Now In Court: Case of First Death From Ransomware Attack


Thursday, September 30, 2021 - 7:07am

When Teiranni Kidd walked into Springhill Medical Center on July 16, 2019, to have her baby, she had no idea the Alabama hospital was in the midst of a ransomware attack. For nearly eight days, computers had been disabled on every floor. At the nurses' desk in the labor and delivery unit, medical staff were cut off from the equipment that monitors fetal heartbeats in the 12 delivery rooms. Kidd's daughter, Nicko Silar, was born with the umbilical cord wrapped around her neck. The condition triggers warning signs on the heart monitor when the squeezed cord cuts off the supply of blood and oxygen to the fetus. Diagnosed with severe brain damage, she died nine months later, reports the Wall Street Journal.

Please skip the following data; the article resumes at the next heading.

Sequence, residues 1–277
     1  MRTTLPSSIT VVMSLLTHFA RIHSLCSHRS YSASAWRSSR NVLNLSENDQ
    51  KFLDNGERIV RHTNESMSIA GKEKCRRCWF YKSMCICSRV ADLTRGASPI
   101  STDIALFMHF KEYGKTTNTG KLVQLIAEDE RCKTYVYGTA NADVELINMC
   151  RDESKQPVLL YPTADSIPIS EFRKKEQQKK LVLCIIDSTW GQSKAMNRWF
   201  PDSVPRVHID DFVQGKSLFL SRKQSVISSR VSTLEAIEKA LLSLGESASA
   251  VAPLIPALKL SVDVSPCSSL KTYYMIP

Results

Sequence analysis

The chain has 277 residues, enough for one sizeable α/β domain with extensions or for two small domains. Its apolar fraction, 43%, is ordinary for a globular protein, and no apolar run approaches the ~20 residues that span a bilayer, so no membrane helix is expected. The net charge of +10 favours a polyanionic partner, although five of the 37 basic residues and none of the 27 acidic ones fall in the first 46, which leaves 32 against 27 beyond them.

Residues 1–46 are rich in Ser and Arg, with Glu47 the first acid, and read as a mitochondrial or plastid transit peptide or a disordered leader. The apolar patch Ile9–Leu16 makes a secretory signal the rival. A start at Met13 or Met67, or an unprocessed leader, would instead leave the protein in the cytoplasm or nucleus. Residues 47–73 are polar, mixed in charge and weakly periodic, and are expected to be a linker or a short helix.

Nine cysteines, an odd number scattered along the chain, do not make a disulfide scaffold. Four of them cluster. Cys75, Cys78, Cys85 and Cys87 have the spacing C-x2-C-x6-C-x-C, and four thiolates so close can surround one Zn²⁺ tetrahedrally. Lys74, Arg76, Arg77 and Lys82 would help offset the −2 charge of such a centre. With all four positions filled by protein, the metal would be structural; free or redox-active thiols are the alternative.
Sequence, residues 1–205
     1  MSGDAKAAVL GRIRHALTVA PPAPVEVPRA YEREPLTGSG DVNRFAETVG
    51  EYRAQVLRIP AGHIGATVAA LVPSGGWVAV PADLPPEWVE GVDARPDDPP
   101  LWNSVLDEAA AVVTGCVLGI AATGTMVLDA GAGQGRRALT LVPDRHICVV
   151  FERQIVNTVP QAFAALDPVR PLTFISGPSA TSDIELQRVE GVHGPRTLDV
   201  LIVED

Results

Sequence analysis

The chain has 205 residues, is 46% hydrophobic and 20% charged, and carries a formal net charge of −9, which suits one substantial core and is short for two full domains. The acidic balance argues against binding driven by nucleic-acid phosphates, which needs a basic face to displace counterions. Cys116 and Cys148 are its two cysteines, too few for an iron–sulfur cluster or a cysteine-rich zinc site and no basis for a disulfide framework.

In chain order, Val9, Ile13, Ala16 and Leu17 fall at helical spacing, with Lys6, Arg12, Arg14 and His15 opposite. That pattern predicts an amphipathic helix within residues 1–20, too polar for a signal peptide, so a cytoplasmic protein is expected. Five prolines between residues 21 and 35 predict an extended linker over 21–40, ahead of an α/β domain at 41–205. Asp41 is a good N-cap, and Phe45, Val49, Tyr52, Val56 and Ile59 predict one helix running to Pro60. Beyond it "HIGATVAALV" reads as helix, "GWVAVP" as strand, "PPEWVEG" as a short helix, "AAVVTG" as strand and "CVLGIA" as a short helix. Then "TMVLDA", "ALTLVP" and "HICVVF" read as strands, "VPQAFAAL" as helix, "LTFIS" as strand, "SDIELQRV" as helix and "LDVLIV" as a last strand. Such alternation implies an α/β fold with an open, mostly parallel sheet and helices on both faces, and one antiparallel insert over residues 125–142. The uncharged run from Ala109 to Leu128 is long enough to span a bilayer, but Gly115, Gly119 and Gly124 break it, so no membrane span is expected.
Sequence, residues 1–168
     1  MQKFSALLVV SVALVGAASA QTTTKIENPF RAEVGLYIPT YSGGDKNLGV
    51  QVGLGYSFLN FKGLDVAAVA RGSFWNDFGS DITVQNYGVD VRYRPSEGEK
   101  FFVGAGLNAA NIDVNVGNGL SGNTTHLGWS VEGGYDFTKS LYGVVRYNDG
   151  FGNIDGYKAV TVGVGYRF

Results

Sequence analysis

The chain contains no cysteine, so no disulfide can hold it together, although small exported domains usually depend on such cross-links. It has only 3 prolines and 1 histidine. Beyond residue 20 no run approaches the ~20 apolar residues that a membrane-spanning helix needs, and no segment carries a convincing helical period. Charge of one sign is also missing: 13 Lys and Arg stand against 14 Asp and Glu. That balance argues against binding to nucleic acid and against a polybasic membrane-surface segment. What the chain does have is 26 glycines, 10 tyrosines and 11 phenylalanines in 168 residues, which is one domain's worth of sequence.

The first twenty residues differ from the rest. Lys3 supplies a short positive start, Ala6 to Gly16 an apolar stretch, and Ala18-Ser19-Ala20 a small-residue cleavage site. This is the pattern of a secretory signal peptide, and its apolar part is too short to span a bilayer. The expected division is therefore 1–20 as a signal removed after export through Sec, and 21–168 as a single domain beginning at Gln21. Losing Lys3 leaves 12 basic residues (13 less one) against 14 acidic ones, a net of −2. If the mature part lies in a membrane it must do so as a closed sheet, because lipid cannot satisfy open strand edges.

Amid the hack, fewer eyes were on the heart monitors—normally tracked on a large screen at the nurses' station, in addition to inside the delivery room. Obstetrician Katelyn Parnell said she would have delivered the baby by caesarean section had she seen the monitor readout. Kidd sued Springhill, alleging information about the baby's condition never made it to Dr. Parnell because the hack wiped away the extra layer of scrutiny the heart rate monitor would have received at the nurses' station. If proved in court, the case will mark the first confirmed death from a ransomware attack. Springhill CEO Jeffrey St. Clair said the hospital handled the attack appropriately. A decade ago, ransomware was a novelty--a nuisance for consumers and small businesses that often cost victims a few hundred dollars. Today, U.S. authorities are alarmed at the rising sophistication of ransomware operators, who have taken in hundreds of millions of dollars while causing major outages for transportation systems, gas pipelines and other critical infrastructure. The security firm Recorded Future estimates that there were about 65,000 incidents world-wide last year.

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